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Saturday, November 13, 2004

gritLIT Short Story Contest Winner

The story Jewel Weed, by Hamiton writer Marilyn Gear Pilling, was chosen as the winner of the gritLIT short story contest. Over 70 stories were submitted to judges Trevor Cole, Rachael Preston and Daniel Coleman as part of the annual gritLIT writers' festival, Nov. 4 to 7.

Here is an brief excerpt from the story:

"Hubert Aquin is a major Quebec writer who committed suicide in Montreal in 1977 by blowing his brains out with a shotgun on the grounds of a girl’s convent school, and HA! is an eight hundred and seventy page book by Gordon Sheppard about his suicide. I read HA! this summer. All my friends are now reading HA! They have to, if they want to continue being my friends. Just kidding, but not really. The thing is, when I looked up from the last page of HA!, I was not the same person I’d been when I began it. It was that transforming. I had to tell everybody about this book.
I reply to Julie’s suggestion of a third chair by saying that “they” might not want us to put another chair at our little table. They probably want to keep the aisle clear so they can get by. “Maybe it’s a fire exit aisle, Julie.”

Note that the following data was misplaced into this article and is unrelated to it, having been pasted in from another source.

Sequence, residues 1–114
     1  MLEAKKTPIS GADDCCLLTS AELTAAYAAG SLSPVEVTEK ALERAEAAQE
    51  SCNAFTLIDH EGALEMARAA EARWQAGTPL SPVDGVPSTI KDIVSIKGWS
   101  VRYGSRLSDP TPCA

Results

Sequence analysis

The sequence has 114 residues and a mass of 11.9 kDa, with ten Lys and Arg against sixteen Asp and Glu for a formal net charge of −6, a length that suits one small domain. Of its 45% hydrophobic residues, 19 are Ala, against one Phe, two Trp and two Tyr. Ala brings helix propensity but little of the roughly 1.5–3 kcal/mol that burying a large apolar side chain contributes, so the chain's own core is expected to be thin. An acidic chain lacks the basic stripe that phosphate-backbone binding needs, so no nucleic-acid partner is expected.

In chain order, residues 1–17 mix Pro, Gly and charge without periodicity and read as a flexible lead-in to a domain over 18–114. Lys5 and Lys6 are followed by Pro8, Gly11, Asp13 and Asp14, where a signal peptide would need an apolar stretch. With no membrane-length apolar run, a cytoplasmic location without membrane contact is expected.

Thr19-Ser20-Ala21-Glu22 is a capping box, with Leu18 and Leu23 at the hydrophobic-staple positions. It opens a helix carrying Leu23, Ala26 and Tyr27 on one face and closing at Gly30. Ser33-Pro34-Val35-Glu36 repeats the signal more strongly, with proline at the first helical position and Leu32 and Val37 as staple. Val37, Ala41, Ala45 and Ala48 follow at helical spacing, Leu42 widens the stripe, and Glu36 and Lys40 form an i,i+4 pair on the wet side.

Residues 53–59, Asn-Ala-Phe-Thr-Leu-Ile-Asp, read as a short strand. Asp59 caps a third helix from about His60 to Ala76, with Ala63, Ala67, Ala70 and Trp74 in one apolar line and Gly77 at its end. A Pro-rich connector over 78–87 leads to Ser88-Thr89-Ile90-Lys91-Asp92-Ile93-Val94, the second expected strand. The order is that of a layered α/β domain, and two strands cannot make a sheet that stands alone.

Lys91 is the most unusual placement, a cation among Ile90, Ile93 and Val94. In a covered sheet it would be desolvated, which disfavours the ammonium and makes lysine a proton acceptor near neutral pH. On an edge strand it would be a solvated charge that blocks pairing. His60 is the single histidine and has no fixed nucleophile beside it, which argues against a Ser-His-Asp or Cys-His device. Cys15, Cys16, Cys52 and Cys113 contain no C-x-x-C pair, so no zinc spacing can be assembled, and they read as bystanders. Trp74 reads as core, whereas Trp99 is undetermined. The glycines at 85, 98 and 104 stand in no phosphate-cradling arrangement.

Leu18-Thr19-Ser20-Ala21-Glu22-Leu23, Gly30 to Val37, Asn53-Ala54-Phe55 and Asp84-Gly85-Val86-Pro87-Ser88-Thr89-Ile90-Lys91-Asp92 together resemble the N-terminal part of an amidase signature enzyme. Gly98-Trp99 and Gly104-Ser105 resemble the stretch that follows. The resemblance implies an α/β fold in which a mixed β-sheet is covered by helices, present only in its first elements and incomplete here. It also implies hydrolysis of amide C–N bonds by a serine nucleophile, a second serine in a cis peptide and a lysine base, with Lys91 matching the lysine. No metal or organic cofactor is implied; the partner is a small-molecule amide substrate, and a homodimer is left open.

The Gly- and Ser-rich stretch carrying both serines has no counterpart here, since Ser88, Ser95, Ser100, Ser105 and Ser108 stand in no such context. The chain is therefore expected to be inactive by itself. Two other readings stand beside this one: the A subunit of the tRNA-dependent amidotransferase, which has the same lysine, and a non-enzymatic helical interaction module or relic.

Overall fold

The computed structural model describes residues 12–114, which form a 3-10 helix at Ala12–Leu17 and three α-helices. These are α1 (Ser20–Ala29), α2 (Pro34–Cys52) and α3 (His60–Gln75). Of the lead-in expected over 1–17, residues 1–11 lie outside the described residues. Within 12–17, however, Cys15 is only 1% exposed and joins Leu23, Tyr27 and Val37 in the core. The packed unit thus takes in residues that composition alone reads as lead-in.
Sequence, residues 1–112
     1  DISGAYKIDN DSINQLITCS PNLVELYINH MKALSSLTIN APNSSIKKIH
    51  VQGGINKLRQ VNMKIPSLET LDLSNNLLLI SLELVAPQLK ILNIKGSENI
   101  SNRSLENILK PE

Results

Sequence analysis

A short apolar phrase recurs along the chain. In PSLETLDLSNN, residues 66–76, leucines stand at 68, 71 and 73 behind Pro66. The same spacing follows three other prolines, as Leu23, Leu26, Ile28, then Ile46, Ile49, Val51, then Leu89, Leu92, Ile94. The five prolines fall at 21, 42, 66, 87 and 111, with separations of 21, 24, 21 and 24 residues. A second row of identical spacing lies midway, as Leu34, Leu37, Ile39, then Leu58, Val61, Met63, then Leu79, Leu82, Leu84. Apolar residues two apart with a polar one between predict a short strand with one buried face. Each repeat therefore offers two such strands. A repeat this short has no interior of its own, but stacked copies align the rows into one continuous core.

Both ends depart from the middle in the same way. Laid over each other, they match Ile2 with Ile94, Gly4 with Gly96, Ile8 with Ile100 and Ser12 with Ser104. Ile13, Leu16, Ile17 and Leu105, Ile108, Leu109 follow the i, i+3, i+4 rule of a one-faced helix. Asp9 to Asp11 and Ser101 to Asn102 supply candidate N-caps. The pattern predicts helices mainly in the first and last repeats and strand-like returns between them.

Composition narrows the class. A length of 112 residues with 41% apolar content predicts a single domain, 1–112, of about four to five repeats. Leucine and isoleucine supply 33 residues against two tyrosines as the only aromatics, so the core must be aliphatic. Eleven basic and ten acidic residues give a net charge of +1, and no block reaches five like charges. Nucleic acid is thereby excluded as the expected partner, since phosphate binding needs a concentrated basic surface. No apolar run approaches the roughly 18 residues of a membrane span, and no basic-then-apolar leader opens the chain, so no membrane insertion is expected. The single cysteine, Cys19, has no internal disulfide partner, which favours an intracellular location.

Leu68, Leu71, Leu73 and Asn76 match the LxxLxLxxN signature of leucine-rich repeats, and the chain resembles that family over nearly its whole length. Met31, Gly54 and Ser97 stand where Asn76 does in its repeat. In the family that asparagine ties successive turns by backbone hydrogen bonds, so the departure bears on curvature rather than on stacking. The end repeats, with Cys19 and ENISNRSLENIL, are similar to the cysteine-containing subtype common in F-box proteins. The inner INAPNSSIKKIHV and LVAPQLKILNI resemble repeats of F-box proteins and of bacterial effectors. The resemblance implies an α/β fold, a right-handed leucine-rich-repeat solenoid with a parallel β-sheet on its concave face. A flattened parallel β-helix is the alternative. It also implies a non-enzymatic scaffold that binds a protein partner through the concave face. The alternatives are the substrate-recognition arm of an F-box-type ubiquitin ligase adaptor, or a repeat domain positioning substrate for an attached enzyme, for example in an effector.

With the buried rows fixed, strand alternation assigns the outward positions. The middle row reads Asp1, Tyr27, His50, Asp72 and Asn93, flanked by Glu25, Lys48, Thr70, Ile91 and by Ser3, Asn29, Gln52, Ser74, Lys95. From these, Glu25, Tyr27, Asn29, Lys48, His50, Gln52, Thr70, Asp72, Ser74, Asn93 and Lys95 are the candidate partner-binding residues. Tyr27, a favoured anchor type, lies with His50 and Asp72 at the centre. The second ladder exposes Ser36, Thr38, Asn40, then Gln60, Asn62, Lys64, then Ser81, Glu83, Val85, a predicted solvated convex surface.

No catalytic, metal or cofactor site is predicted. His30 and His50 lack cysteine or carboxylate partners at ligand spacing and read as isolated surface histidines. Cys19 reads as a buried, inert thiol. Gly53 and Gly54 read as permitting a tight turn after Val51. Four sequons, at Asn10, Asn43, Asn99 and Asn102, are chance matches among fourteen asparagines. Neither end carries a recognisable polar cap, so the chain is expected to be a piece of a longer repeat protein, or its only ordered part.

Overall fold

I can't believe those words came out of my mouth. I dislike people who stop others from doing things for reasons of ostensible “health and safety”.
Julie says she's going to ask anyway, and disappears. She wants to discuss HA! over lunch. She says it shook her up. I pull the book from my bag and let it land with a sudden thump on the table, the way Julie landed in my driveway, the way Hubert Aquin landed in the life of all his women.
Julie returns with a chair, which she places in the aisle facing our small table for two. The waiter said sure, she reports. I greet Hubert and move his chair closer to the table. Julie says she guesses it’s okay that I’ve moved the chair so close that it touches the table; Hubert must be pretty thin by now. Yes, I agree, he'll be skin and bones. Then I remember that his suicide was in 1977, and correct myself. Hubert will be bones. I say bones, and we laugh, but I think both of us are picturing Hubert the way he’s described in Sheppard's book. His distinctive eyes, nose, and cheekbones. His charming smile. The erotic charge he gave off."


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